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An excerpt from www.HouseOfNames.com archives copyright 2000 - 2017


Among the clans of the Scottish/English Borderlands, the Strathclyde Britons were the first to use the name Williamsolm. It is derived from the Norman personal name William. The name literally was derived from the patronymic expression son of William.

Williamsolm Early Origins



The surname Williamsolm was first found in Peebles, where this predominantly Scottish Clan held a family seat anciently, although their interests straddled the English Scottish border and they held territories as far south as Keswick in Cumberland.

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Williamsolm Spelling Variations


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Williamsolm Spelling Variations



The origin of rules governing the spelling of names and even words is a very recent innovation. Before that, words and names were spelled according to sound, and, therefore, often appeared under several different spelling variations in a single document. Williamsolm has been spelled Williamson, Wiliamson, Williamsone and others.

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Williamsolm Early History


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Williamsolm Early History



This web page shows only a small excerpt of our Williamsolm research. Another 261 words (19 lines of text) covering the years 1633, 1701, 1665, 1785, 1690, 1701, 1677, 1780 and are included under the topic Early Williamsolm History in all our PDF Extended History products and printed products wherever possible.

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Williamsolm Early Notables (pre 1700)


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Williamsolm Early Notables (pre 1700)



Notable amongst the family at this time was Dainty Davie or David Williamson, the ebullient Edinburgh preacher who buried six wives and the seventh buried him; and Sir...

Another 27 words (2 lines of text) are included under the topic Early Williamsolm Notables in all our PDF Extended History products and printed products wherever possible.

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Williamsolm In Ireland


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Williamsolm In Ireland



Some of the Williamsolm family moved to Ireland, but this topic is not covered in this excerpt. Another 109 words (8 lines of text) about their life in Ireland is included in all our PDF Extended History products and printed products wherever possible.

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The Great Migration


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The Great Migration



The persecution faced in their homeland left many Scots with little to do but sail for the colonies of North America. There they found land, freedom, opportunity, and nations in the making. They fought for their freedom in the American War of Independence, or traveled north to Canada as United Empire Loyalists. In both cases, they made enormous contributions to the formation of those great nations. Among them: Michael Williamson, who settled in Massachusetts in 1631; James Williamson, who settled in Virginia in 1654 along with Isaac, Richard, Alice, and Ann.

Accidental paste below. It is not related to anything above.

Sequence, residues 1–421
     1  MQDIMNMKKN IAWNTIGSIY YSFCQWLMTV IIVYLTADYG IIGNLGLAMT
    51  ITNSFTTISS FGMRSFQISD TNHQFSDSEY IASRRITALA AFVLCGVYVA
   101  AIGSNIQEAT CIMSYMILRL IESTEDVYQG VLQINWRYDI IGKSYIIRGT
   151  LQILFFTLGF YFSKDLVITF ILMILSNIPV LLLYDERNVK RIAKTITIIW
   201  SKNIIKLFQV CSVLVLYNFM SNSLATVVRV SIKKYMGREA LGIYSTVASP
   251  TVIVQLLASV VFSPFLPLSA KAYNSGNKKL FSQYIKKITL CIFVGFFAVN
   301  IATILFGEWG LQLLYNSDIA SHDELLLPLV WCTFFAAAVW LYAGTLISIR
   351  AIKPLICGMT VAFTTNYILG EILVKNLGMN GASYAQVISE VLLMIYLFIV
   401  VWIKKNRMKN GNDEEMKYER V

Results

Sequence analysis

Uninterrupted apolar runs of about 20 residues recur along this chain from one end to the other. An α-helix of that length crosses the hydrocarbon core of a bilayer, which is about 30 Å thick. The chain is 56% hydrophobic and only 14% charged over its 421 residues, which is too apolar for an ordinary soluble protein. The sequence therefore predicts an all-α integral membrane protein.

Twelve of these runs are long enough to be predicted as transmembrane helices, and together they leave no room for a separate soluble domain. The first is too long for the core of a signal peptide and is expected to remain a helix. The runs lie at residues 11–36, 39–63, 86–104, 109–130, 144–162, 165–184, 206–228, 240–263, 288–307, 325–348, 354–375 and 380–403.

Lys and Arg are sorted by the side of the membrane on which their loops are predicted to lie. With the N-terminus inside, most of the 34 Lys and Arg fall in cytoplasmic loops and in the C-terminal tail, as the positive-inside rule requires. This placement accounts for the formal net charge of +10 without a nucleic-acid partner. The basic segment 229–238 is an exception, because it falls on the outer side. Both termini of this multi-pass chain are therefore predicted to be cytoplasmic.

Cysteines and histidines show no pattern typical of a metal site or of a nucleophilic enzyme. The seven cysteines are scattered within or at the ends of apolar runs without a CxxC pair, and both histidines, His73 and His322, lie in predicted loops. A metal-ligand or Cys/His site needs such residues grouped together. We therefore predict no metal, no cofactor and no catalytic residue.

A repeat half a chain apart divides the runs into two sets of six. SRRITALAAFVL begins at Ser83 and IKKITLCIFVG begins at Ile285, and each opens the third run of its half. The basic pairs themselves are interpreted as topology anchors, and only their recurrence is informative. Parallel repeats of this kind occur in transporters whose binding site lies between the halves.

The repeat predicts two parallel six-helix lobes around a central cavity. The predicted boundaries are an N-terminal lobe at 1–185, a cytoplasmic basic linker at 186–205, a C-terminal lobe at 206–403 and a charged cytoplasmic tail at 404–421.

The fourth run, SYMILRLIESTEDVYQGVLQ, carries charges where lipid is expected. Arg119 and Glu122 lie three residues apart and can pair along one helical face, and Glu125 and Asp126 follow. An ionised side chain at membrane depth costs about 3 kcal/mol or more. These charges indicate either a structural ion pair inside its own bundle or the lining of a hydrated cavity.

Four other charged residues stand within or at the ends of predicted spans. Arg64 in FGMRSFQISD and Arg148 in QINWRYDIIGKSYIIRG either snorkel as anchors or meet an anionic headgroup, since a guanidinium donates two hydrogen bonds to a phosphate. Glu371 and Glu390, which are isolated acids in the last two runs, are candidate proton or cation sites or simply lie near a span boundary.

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Williamsolm Family Crest Products


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Williamsolm Family Crest Products




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See Also


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See Also




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Citations


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Citations



    Other References

    1. Le Patourel, John. The Norman Empire. New York: Oxford University Press, 1976. Print. (ISBN 0-19-822525-3).
    2. Prebble, John. The Highland Clearances. London: Secker & Warburg, 1963. Print.
    3. Holt, J.C. Ed. Domesday Studies. Woodbridge: Boydell, 1987. Print. (ISBN 0-85115-477-8).
    4. Hinde, Thomas Ed. The Domesday Book England's Heritage Then and Now. Surrey: Colour Library Books, 1995. Print. (ISBN 1-85833-440-3).
    5. Egle, William Henry. Pennsylvania Genealogies Scotch-Irish and German. Harrisburg: L.S. Hart, 1886. Print.
    6. Samuelsen, W. David. New York City Passenger List Manifests Index 1820 - 1824. North Salt Lake, Utah: Accelerated Indexing Systems International, 1986. Print.
    7. Shaw, William A. Knights of England A Complete Record from the Earliest Time to the Present Day of the Knights of all the Orders of Chivalry in England, Scotland, Ireland and Knights Bachelors 2 Volumes. Baltimore: Genealogical Publishing. Print. (ISBN 080630443X).
    8. Warner, Philip Warner. Famous Scottish Battles. New York: Barnes and Noble, 1996. Print. (ISBN 0-76070-004-4).
    9. Browning, Charles H. Americans of Royal Descent. Baltimore: Genealogical Publishing. Print.
    10. Robb H. Amanda and Andrew Chesler. Encyclopedia of American Family Names. New York: Haper Collins, 1995. Print. (ISBN 0-06-270075-8).
    11. ...

    The Williamsolm Family Crest was acquired from the Houseofnames.com archives. The Williamsolm Family Crest was drawn according to heraldic standards based on published blazons. We generally include the oldest published family crest once associated with each surname.

    This page was last modified on 3 September 2013 at 12:01.

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